That notable French knight whose widow first exhibited the Shroud was one Geoffroi de Charny, a close relative7 of the de Charnay who was burned at the stake for heresy. The executed de Charnay was a Preceptor of the Knights Templar, and has become a favourite of conspiracy theorists since. Mystery surrounds the Templars, and no rumour about them is too extreme to be given credence by some. Their rumoured massive treasure has never been discovered, but its location is said to be encoded in various difficult-to-decipher clues. Was it to obtain this treasure that the Vatican had the order suppressed on trumped-up charges of heresy? Or perhaps it was not a monetary treasure but the Holy Grail itself? Or did they, as Baigent, Leigh and Lincoln have suggested (to the derision of historians everywhere and the inspiration of Dan Brown) hold the secret of Jesus' continuing family line?
Alongside all these claims, Templar ownership of the Shroud looks like an almost commonplace suggestion. In 2009, the Vatican released documentation to support this suggestion, in the form of a document written by Arnaut Sabbatier, a Templar initiate, who describes 'a long linen cloth on which was impressed the figure of a man' which he was instructed to venerate. On the other hand, we know that many Templars – not least de Molay and de Charnay – were forced to confess to false charges, so we need to be cautious how much faith we place on Sabbatier's claims.
Other Possible Shrouds
In fact there are a bewildering array of cloths associated with Jesus that may be the Turin Shroud, or could be the Shroud with a little imagination, or at least that cannot definitively be ruled out as the Shroud. It does not help that a single artefact is often known by several names, may turn up in different places at different times, or that proponents of one theory will confidently state that a given cloth is the same as another cloth on the sketchiest of evidence. Besançon in France had a Shroud at around the time that the Templars were allegedly worshipping their idol, and this has occasionally been cited as the Turin Shroud, although others point out that there is no clear evidence of its existence prior to 1523, and it appears to be a copy of the Turin Shroud.
Either the Besançon or Templar option would then fill the Shroud's history back to the Sack of Constantinople in 1204. That was where a Shroud-like cloth variously called the Holy Mandylion, Edessa Cloth or St Veronica8's Veil was last heard of9. So the alternative history would have Templars being involved in the Sack, looting the holy relic and secreting it for over a century. After the dissolution of their order, it ended up in the hands of a relative of one of their senior members, and became the modern Turin Shroud. Or perhaps de Molay was himself crucified by the Church, and the Turin Shroud in fact bears his image?
Pushing the history back further, the Edessa cloth is named because it was long displayed in Edessa (modern Urfa) in Turkey. It was (re?)discovered in the 6th Century. Earlier than that, and legend takes over entirely. Its arrival there is described by Eusebius in a scarcely-credible tale of the King of Edessa writing to Jesus personally requesting healing (in a letter which quotes from gospels not written until decades after the King supposedly wrote it), and instead receiving a visit from Thaddeus Jude. The presumption is then that Jude, for reasons not easy to explain but perhaps connected with his mission to found a church, took the Shroud with him and presented it to the King. There is also the problem that the Edessa cloth is described as having an image only of Jesus' face (in most versions, he wiped his face on the cloth – it is not a burial shroud at all), though some Shroud believers (notably Ian Wilson) regard this as describing the Shroud as being folded so that only the face was visible. His fellow Shroudie John Heller, referring to the King of Edessa story, comments that 'I have spoken to no serious historian who gives credence to this essentially fictional story.'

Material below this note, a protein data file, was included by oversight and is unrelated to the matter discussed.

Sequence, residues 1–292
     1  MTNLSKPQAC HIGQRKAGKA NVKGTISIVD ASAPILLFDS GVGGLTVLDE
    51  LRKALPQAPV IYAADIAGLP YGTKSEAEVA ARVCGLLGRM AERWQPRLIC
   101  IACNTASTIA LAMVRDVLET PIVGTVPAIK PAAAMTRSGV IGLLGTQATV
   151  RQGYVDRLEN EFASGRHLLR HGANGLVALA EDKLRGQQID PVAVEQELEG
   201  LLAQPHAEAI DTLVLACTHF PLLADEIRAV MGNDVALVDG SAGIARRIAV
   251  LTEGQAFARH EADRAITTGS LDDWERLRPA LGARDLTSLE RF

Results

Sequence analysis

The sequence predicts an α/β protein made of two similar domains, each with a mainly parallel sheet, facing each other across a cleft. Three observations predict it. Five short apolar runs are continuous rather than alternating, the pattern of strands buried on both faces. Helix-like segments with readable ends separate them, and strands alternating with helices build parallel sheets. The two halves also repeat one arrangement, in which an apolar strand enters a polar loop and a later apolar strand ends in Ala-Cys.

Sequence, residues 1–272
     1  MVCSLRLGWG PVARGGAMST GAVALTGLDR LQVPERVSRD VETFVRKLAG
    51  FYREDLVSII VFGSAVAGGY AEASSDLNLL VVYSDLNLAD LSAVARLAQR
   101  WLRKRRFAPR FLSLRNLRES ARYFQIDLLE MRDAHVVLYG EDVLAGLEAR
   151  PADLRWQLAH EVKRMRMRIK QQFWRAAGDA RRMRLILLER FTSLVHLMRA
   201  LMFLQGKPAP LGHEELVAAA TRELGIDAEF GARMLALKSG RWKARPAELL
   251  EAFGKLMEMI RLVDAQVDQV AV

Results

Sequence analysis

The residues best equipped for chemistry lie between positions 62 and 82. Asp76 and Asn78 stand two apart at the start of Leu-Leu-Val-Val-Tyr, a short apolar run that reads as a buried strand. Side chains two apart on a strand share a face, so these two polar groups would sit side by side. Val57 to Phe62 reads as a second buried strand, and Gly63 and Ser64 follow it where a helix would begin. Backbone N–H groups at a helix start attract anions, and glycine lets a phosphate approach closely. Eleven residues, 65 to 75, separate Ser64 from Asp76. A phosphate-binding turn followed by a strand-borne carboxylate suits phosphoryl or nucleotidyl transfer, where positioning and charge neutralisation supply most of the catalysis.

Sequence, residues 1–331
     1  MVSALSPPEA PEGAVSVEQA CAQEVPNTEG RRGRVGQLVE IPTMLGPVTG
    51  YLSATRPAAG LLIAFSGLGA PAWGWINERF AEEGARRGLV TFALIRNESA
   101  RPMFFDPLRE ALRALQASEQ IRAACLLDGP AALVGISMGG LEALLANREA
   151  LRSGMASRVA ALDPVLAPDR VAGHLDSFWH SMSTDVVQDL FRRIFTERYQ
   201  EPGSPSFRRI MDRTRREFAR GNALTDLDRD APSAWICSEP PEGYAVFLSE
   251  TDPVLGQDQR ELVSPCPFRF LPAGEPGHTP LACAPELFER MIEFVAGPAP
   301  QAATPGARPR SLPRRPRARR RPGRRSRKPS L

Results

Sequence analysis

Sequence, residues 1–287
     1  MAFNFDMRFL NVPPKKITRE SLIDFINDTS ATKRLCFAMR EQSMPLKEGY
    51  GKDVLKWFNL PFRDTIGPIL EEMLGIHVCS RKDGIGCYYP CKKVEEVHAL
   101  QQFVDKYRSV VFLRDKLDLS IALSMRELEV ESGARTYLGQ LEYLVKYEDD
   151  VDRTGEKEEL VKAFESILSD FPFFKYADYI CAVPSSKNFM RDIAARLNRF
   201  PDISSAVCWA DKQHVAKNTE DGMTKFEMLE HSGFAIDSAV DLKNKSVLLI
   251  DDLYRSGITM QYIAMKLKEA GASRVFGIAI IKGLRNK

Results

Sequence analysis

The (now lost) Gospel of the Hebrews tells us (in a surviving portion quoted by St Jerome) that the risen Jesus presented his own shroud to Peter, or to Pilate's wife, or to Luke, though no mention is made of an image. In 600 AD, a shroud was reported on the Scottish isle of Iona. Another shroud was present in Compiègne, France, from before 1000 AD until its destruction during the French Revolution. Physical descriptions make it clear that neither of these is the Turin Shroud. The Holy Shroud of Caduin, recovered in 1098 from a crusade, was discovered in 1935 to have Muslim scriptures woven into it. Constantinople had another shroud around the turn of the 11th Century. Another notable example is the Sudarium of Oviedo, which may be the same as one of the Shrouds listed above, or may not. Now kept in Spain, the Sudarium contains bloodstains which some claim match the Turin Shroud (though, to no great surprise, others dispute this). None of these is said to have had an image upon them.
Another (or the same?) Shroud from Constantinople that did bear an image was divided into pieces. Louis IX of France10 had a selection of relics in his Sainte Chapelle, including not less than two cloths with Jesus' image on them. It is clear that these cannot all have been the Turin Shroud, not least because we know that several were in different places at the same time, differed in size, or have been destroyed. Some seem to have been face-only images. As if that were not enough, something of a cottage industry sprang up in making copies of the Shrouds of Turin and Besçanon, usually indicated with text explaining what the image was.
Pia's Picture and the Birth of Sindonology
By the late 19th Century, many relics were venerated by Christians (especially Catholics), but largely dismissed as pious frauds by science. What Pia saw in his picture changed that – for the first time, he had scientific evidence that one of these relics was truly mysterious. Pia had been asked at short notice to take the first photograph of the Shroud. It was to be used as part of an exhibition, replacing some paintings which had already been made – the Shroud itself was originally not to be displayed, and only a last-minute appeal to the King secured its display and made the photography possible. The photography was technically challenging due to the dim lighting, and this was one of the first times electric bulbs had been used to illuminate a photo. The lighting rigs created so much heat that it made working difficult, yet despite that Pia's first attempt was a failure that produced no usable images.